Third consideration, the adoption of Orthodox hymns from other Orthodox Churches. Adopting hymnographic traditions has happened before and it's happening now (maybe nowadays we borrow more from non-Orthodox sources though).  Could we not draw on the best parts of Orthodox hymnography? Perhaps even the texts of those hymns which we could then "coptify" if that's our primary concern with hymnology? Is our concern with "Coptic" style more nationalistic than it is Orthodox?

    Lastly related to adopting aspects of other Orthodox Churches, I wonder what would happen if we embraced the role of cantors (not just call everyone who's a singer a "deacon") and also had mixed choirs with women singers, like how the Syrians, Indians, Armenians, Ethiopians, Russians, Antiochians, Georgians and all the American Orthodox Churches do? I wonder if by preventing our sisters from participating in Orthodox Hymnology, we've directed them to associate a closer affinity to contemporary christian worship music. Do we tell our sisters that singing in the liturgical choir is for the "deacons" only? Do we also demarcate our "liturgical" hymns against "spiritual songs" (think of the charismatic or emotional Arabic taraneems) and then only give our sisters the "non-liturgical" meetings as places where they can lead in song?  Are not Christian Worship Songs also the logical progression from "non-liturgical" taraneems for our youth in the lands of immigration?  Could not some of these issue be resolved with a mixed choir or with raising the bar musically?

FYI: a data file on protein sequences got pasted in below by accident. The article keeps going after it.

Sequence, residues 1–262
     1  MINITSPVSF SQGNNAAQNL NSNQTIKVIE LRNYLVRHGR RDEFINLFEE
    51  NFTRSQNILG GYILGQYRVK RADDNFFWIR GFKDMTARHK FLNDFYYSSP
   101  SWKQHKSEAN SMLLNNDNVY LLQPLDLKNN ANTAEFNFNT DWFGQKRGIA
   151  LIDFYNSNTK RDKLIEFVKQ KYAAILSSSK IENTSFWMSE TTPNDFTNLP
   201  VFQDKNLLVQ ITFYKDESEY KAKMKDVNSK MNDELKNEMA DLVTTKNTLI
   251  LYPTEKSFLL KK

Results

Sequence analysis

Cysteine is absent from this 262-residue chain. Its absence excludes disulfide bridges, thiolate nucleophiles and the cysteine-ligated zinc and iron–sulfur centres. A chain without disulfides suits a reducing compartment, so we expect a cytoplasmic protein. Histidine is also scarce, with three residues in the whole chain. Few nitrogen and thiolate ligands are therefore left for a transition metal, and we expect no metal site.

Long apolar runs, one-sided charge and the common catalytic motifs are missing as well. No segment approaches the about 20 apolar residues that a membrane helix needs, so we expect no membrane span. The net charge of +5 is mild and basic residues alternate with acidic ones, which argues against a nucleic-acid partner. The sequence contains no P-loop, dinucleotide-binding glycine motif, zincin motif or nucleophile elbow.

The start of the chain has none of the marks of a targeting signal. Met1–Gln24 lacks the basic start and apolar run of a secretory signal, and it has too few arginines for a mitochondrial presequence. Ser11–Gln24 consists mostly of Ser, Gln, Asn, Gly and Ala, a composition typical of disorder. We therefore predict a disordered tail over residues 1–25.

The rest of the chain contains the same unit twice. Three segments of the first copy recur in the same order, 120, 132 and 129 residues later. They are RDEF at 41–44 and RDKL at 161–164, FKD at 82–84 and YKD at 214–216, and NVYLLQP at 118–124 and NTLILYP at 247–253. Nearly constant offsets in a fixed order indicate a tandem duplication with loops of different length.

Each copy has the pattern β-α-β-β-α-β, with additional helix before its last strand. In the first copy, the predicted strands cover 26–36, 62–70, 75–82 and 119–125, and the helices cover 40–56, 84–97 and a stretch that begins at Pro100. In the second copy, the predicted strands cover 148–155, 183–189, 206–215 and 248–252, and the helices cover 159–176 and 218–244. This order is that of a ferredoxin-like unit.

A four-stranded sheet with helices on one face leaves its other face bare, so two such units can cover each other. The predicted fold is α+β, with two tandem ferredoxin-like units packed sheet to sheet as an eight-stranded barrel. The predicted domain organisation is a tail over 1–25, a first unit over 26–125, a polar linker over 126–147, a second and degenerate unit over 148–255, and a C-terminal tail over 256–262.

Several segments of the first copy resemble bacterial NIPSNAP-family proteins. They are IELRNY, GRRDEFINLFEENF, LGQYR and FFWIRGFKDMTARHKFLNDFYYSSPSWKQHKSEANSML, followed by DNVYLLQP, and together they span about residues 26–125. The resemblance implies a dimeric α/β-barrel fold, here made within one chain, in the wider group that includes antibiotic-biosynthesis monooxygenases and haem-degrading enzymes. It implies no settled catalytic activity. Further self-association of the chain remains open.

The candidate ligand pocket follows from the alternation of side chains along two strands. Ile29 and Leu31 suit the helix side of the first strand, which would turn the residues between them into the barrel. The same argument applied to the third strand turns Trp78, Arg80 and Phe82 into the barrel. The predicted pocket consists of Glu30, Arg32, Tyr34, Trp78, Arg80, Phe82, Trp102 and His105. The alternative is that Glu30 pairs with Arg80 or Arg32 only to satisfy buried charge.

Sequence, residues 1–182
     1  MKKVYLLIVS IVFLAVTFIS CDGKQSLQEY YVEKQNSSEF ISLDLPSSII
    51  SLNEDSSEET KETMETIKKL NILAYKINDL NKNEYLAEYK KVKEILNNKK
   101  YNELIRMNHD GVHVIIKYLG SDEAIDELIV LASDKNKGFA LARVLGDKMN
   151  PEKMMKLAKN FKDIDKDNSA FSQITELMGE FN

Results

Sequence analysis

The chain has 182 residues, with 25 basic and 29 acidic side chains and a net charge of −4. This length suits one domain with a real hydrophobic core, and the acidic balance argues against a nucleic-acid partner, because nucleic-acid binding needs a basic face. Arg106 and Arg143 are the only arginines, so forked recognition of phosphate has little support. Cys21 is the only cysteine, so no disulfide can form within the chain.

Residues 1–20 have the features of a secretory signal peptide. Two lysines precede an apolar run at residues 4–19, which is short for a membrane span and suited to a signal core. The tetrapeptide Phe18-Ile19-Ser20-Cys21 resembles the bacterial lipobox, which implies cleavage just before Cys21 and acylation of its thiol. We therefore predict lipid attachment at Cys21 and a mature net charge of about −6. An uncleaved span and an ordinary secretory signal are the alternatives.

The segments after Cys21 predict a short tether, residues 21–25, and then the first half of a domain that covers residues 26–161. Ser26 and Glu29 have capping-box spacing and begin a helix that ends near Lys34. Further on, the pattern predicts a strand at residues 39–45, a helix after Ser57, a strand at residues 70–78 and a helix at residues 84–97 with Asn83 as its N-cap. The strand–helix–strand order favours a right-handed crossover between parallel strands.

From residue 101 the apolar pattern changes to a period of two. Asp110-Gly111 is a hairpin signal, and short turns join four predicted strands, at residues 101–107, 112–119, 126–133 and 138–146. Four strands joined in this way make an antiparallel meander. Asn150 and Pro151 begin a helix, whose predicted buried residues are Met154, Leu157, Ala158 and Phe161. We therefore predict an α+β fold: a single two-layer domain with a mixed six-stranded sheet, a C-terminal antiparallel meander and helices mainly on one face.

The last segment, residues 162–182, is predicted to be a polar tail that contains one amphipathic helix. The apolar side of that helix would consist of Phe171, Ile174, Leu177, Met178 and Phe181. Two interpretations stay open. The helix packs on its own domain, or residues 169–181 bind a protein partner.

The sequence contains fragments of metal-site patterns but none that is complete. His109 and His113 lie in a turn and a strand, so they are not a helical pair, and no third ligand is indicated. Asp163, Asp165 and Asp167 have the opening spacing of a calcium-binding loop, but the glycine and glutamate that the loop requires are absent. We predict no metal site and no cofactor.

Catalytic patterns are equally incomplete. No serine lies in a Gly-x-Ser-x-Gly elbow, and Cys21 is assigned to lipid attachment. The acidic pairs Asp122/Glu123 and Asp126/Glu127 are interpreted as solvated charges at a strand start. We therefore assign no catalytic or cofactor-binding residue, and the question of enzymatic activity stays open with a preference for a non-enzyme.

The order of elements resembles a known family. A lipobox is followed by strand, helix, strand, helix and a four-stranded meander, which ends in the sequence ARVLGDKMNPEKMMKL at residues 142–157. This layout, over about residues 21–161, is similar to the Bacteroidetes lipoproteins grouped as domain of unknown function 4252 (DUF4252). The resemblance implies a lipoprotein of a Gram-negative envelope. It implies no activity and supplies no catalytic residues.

• edited July 2014
    Some random quotes :P:

    "...one of the tools is the Service (the Divine Liturgy) and the Music and the Rites, those are very affected by the Coptic tradition and culture.
    If you want to go to another culture, it should all change. To me, you don't have to say the melody of the Hymn (Lahk) of PekEnthronos in Brazil. No one understands. What's important is the Faith, the Belief, you put it in music, and music that suits them not us. You need to get the point of the hymn and remove the culture...the cultural influence in the service. The hymns are affected by the culture, by Egyptian culture, so when you go to another culture, you should remove it." 
    Mualim Albier Gamal Mikhail, 
    (there's sort of a suggestion that we need keep a "Coptic" style if we're Egyptian...but in the West doesn't that risk promoting spiritual nationalism?)


    "If our culture is ever to wake up from its enthrallment to Mammon and enter seriously into the life God has prepared for us – I can see no vehicle other than Orthodoxy that is prepared to teach such an awakening in an embodied form. I have no idea what the future holds for our culture or for world culture. God alone knows that. But I do know that whatever the future holds, knowing God deeply and learning the practices proper to the Christian life will be more essential rather than less. “Dumbing down” our schools is not working for education – spiritually “dumbing down” Christianity cannot be good for us either. We do not need less – we need more – we need the fullness."
    Fr Stephen Freeman, Mission and Worship – America and the Orthodox http://glory2godforallthings.com/2007/11/26/mission-and-worship-america-and-the-orthodox/